By John W. Frece
Would you simply like to be able to walk from your home to the store? Or, to the doctor’s office? Is it easy – or difficult — to cross busy streets in your neighborhood? Are there sidewalks where you live? Or, do you have to rely on a car to go anywhere?
A recent report by AARP found that 40% of persons 50 and older say their neighborhoods lack adequate sidewalks. Nearly half — 47% — feel it is unsafe to cross streets near their homes. And about half of those who reported problems in their neighborhoods said if these safety factors were fixed, they would bike, walk or take the bus to meet their needs.
The good news is that many of the obstacles to creating more walkable communities can be fixed.
I have been working for more than a decade on public policy at the state and federal level to help local governments build infrastructure so that our streets, sidewalks, homes and transportation projects do a better job protecting public health and the environment. As Director of EPA’s the Office of Sustainable Communities — part of the President’s Partnership for Sustainable Communities — we have learned that healthy communities do not happen by accident, but are designed intentionally. In partnership with DOT and HUD, our three agencies have adopted a set of principles that specifically support existing communities, in part by providing them with more choices in transportation and housing. Our office offers a wealth of publications to help communities become smarter about how – and where – they build.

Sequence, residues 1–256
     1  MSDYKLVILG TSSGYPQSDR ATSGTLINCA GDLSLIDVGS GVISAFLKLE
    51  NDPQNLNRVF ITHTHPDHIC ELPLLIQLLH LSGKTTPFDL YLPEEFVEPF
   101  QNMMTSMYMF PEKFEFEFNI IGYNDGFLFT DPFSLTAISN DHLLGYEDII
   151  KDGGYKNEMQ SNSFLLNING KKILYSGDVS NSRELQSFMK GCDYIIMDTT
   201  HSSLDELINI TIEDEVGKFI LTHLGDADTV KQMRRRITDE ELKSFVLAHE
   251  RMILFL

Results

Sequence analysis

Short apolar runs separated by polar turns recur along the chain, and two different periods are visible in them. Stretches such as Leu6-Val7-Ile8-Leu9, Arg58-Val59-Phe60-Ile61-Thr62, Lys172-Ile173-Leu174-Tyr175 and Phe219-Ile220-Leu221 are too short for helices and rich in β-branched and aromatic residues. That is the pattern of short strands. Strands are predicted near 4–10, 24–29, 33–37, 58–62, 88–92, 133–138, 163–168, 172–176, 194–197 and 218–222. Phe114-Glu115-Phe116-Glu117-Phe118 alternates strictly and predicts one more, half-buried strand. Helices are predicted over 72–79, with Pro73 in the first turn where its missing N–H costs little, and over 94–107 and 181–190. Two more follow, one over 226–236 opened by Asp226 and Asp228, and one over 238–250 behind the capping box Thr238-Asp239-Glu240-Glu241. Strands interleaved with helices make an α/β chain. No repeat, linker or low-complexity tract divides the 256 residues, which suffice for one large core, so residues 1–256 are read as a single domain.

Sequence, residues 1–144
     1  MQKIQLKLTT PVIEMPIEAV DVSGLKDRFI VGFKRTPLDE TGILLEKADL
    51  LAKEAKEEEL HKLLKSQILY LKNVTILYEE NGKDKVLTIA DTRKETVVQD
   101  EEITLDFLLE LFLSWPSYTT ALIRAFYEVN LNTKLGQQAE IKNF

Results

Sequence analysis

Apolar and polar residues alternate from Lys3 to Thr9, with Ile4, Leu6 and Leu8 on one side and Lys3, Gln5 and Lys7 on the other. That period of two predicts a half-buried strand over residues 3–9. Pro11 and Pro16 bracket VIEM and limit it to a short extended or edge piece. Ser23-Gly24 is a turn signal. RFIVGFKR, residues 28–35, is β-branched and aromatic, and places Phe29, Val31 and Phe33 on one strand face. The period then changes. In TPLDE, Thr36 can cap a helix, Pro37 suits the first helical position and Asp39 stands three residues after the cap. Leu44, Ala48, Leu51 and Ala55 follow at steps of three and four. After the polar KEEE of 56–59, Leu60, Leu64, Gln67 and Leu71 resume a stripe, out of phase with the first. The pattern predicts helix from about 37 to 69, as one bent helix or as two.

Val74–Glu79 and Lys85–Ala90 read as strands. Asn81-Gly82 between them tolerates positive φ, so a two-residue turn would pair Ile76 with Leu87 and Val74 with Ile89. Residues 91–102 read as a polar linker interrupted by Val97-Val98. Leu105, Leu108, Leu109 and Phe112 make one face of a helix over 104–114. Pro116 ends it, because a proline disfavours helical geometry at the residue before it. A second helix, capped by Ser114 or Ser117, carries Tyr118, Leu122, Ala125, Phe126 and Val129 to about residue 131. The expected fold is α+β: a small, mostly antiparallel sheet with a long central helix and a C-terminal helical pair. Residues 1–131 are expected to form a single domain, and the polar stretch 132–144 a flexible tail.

A growing number of communities have begun to adopt complete street policies. Transportation planners and engineers employ complete streets policies to ensure that roadways are designed in ways that support all potential users — bicyclists, pedestrians of all ages and abilities, public transportation riders, as well as cars.
That’s because there is a direct correlation between how we design the transportation networks in our communities and public health and safety. This year’s theme for National Public Health week — “Safety is no Accident” – recognizes the importance of designing options into the built environment.
Designing our built environment with a focus on connecting us with the places we frequent – shops, health care, parks, grocers, entertainment — can make it easier for us to make the healthy choice of getting around by foot or bike. And this can make all the difference.
About the author: John W. Frece is the Director of the Office of Sustainable Communities, within the Office of Policy at EPA. The Office of Sustainable Communities represents EPA in its Partnership for Sustainable Communities with the U.S. Department of Transportation and the U.S. Department of Housing and Urban Development.